As if crossing the country via bicycle weren’t daunting enough, Chapel Hill-based Boy Scout Troop 845 is taking its sense of adventure to a whole new level. Later this month, the troop will jump the pond and ditch their bikes to hike 500 miles on El Camino de Santiago.
For more than 1,000 years, pilgrims have traveled the routes meandering through northern Spain and southwest France that make up El Camino, which translates as “The Way of St. James.” Despite various starting points, all paths end at the Cathedral Santiago de Compostela – where tradition says that the apostle St. James is buried.
The group of about 20, comprised of everyone from high school freshmen and seniors to several alumni Eagle Scouts, will take off for Madrid on June 15. From there, the group will make its way to one of the trail’s most famous starting-off points, St. Jean-Pied-de-Port in southwest France.
“The trail passes through 340 villages of varying size, from one million [residents] to ones with three buildings – a church, cafe and hostel,” says trip leader Brian Burnham.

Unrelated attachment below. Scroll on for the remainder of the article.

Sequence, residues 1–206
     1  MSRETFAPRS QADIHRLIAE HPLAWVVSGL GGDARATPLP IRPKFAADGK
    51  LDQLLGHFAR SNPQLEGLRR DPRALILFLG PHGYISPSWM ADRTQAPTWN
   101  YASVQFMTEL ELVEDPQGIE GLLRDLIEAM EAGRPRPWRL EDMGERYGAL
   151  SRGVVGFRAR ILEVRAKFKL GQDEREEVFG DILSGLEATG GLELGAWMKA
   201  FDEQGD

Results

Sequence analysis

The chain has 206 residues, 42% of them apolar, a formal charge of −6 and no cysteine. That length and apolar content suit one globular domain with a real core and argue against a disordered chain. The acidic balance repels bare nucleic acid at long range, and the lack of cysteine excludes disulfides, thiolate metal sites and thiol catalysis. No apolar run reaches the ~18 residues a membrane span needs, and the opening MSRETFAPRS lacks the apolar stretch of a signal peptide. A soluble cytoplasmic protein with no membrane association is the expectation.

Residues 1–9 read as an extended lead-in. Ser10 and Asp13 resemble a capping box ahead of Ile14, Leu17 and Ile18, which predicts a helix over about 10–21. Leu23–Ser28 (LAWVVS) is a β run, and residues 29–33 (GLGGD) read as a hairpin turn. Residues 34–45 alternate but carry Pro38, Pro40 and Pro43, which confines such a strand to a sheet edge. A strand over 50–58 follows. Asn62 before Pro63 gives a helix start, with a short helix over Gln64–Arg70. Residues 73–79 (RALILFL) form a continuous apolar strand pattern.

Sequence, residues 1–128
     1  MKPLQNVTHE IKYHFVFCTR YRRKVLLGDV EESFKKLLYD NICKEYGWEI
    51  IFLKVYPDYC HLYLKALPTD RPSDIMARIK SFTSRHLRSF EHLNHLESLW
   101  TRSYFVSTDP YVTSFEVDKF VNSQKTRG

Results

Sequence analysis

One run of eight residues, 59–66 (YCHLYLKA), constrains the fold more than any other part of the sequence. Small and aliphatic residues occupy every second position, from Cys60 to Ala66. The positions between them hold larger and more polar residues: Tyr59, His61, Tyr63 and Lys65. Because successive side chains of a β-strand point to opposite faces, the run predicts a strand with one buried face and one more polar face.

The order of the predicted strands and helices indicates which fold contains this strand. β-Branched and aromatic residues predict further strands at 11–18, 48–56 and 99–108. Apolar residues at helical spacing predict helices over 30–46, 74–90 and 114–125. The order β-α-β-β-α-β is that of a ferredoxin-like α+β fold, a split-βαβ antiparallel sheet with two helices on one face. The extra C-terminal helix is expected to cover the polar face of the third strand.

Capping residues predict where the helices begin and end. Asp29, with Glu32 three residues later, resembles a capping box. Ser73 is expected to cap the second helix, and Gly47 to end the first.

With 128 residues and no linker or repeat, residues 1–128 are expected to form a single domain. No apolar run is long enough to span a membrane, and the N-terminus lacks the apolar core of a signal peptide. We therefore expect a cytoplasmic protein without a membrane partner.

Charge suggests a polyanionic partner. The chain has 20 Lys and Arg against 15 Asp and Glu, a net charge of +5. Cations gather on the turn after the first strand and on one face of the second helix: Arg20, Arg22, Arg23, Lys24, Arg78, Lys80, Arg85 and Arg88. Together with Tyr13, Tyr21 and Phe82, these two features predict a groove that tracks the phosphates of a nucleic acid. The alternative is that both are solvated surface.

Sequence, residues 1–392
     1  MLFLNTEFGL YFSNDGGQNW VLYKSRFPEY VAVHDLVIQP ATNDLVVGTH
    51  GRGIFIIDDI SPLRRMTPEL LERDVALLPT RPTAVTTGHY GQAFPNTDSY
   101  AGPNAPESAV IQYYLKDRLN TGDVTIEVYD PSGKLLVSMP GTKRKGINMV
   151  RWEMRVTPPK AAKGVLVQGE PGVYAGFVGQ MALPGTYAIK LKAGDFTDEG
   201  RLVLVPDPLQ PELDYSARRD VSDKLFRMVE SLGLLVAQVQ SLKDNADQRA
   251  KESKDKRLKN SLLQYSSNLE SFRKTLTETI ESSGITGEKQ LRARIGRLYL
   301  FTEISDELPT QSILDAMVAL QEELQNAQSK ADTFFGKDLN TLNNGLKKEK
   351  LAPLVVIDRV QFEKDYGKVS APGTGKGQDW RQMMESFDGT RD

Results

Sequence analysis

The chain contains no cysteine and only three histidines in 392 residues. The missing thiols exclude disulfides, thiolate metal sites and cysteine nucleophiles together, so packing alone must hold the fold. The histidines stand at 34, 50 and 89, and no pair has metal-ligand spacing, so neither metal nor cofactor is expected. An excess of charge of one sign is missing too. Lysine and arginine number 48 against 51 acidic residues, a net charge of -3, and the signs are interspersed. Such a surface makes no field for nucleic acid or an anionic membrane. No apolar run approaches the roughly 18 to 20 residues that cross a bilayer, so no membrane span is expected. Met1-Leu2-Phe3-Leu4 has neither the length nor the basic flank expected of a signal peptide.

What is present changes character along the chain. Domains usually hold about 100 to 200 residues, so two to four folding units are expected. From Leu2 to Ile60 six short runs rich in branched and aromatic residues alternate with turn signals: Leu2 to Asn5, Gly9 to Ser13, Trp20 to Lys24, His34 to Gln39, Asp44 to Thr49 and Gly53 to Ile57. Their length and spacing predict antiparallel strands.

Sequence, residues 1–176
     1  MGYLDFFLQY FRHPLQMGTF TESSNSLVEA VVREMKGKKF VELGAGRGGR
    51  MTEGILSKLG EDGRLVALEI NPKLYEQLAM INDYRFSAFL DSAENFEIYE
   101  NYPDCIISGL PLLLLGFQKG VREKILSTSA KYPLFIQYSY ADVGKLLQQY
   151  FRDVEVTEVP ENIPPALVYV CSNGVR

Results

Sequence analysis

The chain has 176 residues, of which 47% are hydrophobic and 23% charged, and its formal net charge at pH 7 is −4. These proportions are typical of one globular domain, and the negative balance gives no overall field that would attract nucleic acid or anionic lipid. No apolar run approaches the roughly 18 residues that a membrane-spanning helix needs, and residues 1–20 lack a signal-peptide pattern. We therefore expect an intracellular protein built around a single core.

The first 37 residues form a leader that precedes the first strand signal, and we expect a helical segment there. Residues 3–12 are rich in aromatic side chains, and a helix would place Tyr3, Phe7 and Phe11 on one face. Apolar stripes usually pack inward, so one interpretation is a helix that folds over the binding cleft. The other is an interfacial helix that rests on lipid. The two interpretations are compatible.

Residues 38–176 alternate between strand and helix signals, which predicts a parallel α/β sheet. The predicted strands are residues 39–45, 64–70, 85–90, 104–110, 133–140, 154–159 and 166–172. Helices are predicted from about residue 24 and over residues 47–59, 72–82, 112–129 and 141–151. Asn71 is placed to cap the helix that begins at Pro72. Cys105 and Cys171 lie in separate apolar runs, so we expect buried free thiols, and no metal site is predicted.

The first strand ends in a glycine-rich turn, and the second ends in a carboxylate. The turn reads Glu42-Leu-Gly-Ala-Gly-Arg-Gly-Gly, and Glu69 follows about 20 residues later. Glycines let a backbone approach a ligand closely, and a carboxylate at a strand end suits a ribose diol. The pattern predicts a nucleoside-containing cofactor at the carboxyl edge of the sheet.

Ideally, the hikers will average between 16 and 18 miles per day for five weeks. That said, members of the group have mentioned a marathon, so Burnham is promising at least one day of 26.2 miles.
“This is an established pilgrimage, so there are hostels all along the way,” Burnham explains of accommodations. “If I could not stay in a hostel a single night, I would choose that. We all have small, one-person tents. I prefer to camp. And we won’t carry supplies. We’ll pick stuff up along the way.”
Burnham led last summer’s Cycle20Ten (which we wrote about here), a cross-country cycling trip that raised $20,000 for the UNC Lineberger Comprehensive Cancer Center. Some of the Cycle20Ten group members are back for this adventure, which Burnham hopes will generate even more cancer-fighting funds.
“I’ve always wanted to do the Camino,” he says. “The group seems right and ready for it.”
Follow their journey here.